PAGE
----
By Eddie Pannone
PAWTUCKET, R.I. – Baseball fans across the country have heard about Byron Buxton’s potential ever since the Minnesota Twins drafted the outfielder number two overall in 2012. It hasn’t always been smooth sailing for the 22-year old despite being the number one prospect in baseball for three years. He has dealt with various, unlucky injuries throughout his young career including a thumb sprain just two weeks into his first big league stint last year.
Fully healthy, Buxton started the season as the Twins’ centerfielder but struggled making contact. He hit just .156 and struck out in half of his at bats, leading the organization to option the future star to the Rochester Red Wings.
With the Red Wings, Buxton has some of the pressure lifted off his shoulders as he works through some of his problems. A true five-tool talent, there isn’t anything he can’t do well on the baseball field and has proven that during his time in the minors. The big-leagues are a different animal, and pitchers have been able to exploit the few weaknesses he has. While in Triple-A, focusing on reducing his strikeout rate and finding ways to get on base consistently to utilize his blazing speed is what he’ll be doing.
“It is getting better,” Buxton said of his strikeouts and approach at the plate. “I’m swinging at better pitches in the zone and being aggressive. Most of my strike outs here have been on pitches in the zone. I’m just trying to limit them and put the ball in play a little more.”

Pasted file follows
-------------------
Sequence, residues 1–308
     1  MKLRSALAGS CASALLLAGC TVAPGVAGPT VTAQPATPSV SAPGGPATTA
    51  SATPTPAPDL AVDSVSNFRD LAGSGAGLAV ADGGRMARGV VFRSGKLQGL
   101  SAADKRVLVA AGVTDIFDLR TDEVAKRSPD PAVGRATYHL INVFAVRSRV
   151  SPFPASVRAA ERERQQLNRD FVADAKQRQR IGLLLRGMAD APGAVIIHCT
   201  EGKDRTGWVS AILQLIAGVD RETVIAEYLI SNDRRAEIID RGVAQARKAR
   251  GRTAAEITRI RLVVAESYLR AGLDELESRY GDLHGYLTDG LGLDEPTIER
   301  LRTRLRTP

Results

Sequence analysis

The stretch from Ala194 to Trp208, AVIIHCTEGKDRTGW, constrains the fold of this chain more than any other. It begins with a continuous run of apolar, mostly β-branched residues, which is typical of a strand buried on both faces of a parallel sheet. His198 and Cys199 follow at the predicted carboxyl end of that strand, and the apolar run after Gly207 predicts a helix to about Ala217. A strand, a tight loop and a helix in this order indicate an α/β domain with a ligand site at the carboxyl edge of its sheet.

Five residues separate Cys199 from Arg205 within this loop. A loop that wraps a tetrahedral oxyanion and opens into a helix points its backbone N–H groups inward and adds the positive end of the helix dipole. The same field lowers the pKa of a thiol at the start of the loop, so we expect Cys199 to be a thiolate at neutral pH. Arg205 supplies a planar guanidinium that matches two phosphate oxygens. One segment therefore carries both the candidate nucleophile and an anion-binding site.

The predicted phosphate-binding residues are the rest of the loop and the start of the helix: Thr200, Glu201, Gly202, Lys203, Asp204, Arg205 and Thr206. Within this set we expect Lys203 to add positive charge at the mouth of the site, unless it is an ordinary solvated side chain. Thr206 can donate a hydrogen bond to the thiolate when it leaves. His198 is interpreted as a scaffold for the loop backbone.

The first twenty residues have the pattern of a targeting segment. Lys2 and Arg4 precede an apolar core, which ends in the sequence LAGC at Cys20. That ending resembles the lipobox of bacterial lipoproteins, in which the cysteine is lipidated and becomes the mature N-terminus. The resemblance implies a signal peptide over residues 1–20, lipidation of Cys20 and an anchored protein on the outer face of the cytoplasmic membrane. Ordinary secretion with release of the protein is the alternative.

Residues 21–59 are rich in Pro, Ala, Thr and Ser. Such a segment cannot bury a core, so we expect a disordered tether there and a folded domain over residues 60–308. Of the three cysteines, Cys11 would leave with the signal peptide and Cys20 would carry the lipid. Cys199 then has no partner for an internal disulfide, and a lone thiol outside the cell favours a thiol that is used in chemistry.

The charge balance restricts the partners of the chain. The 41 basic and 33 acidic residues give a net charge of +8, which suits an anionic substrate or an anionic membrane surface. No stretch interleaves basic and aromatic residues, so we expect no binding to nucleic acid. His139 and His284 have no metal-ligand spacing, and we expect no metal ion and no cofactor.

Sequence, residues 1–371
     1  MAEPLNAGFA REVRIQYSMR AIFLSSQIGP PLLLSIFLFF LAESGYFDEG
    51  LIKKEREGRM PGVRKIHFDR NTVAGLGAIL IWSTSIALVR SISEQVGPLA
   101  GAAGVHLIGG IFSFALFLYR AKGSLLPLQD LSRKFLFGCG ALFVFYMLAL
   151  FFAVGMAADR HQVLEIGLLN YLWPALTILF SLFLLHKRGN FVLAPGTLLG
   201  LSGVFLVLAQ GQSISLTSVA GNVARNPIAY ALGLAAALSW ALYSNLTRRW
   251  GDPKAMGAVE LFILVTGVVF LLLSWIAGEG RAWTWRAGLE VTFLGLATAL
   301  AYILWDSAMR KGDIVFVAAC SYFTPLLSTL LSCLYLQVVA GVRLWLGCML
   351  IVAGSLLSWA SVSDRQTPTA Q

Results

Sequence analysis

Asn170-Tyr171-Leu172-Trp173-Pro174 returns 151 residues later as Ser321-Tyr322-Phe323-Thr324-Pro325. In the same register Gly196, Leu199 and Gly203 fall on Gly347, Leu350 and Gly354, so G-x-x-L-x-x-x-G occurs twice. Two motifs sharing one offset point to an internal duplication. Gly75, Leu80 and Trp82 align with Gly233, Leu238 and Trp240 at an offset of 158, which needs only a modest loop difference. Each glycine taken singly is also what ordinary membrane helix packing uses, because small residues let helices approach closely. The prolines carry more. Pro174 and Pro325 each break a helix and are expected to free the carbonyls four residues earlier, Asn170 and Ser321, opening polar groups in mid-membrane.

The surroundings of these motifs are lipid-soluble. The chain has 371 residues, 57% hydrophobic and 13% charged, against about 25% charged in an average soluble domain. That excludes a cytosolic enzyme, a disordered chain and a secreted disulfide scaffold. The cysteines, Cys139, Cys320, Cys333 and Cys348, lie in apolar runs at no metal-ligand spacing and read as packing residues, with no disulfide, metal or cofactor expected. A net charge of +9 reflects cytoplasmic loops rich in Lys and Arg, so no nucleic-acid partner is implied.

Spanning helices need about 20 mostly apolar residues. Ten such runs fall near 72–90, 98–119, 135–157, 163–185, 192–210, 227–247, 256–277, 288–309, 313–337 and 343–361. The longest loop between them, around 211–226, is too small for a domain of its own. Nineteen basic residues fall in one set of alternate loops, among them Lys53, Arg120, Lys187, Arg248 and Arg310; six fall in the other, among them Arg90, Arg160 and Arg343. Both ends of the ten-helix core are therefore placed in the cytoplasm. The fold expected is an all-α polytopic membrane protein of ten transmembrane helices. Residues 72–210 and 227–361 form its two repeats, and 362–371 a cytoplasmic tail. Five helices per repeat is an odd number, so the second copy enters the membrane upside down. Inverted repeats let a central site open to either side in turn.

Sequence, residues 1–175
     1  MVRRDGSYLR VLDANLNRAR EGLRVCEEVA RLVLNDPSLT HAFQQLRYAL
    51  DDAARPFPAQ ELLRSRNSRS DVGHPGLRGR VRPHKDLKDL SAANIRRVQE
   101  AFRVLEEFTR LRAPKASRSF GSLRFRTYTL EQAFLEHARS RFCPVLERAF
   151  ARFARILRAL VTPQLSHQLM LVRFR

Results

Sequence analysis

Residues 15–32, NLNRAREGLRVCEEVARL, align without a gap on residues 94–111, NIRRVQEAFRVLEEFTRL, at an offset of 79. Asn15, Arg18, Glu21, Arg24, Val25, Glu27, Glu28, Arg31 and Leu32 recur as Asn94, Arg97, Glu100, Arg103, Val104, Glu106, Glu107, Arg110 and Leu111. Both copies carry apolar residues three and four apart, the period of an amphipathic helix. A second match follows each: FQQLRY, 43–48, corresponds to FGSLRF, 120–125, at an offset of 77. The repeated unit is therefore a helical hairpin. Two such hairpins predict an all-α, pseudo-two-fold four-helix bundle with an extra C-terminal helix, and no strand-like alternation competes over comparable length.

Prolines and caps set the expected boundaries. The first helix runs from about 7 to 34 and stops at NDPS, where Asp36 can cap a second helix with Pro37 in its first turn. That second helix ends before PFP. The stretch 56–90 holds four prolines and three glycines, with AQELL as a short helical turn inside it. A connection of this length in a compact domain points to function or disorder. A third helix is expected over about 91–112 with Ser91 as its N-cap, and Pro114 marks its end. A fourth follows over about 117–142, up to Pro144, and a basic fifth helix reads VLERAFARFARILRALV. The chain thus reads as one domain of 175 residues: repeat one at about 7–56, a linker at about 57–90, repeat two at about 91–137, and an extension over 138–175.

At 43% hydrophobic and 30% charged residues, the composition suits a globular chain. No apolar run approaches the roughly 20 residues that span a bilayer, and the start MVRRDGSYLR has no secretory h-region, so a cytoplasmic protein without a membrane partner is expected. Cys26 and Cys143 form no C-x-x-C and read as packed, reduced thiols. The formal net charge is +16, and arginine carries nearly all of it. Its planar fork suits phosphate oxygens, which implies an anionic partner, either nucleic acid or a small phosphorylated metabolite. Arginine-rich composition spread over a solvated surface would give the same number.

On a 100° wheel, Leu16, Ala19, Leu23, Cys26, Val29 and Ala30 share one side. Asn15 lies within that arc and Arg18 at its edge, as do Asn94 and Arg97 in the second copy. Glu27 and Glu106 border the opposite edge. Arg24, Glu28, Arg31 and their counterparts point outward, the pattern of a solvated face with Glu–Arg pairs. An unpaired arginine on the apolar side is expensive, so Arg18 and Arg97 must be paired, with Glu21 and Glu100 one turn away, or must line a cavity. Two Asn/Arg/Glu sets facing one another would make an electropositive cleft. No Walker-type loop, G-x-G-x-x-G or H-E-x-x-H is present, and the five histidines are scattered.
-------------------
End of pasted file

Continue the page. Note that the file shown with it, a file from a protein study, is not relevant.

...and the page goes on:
That was on display this weekend at McCoy Stadium, where his Red Wings took on the PawSox for a four game set. It was especially noticeable Sunday afternoon. Buxton struck out on a changeup from rehabbing Boston starter Eduardo Rodriguez. Two at-bats later he took that same pitch to the opposite field for a laser home run. His extra base power has been on display much more often since being sent down and is getting back to what made him the number one overall prospect.
“You have to go up there with a solid approach and stick with it. Slowly, it is coming back for me. I just try and stay gap to gap and put good swings on the ball. If it goes out it goes out. As the leadoff hitter I’m just up there trying to get on base and let my teammates drive me in.”
Perhaps we have all been spoiled with the amount of young talent that has come up over the last few years that we expect a talented youngster to come up and produce right away. That isn’t fair when we are talking about the highest level of baseball. For those even remotely concerned about Buxton, just remember that Mike Trout hit .220 in his first taste of the big leagues and that ended up working out just fine. More at bats and more experience will go a long way for Buxton, and it shouldn’t be a surprise if this is his last stint in the minors.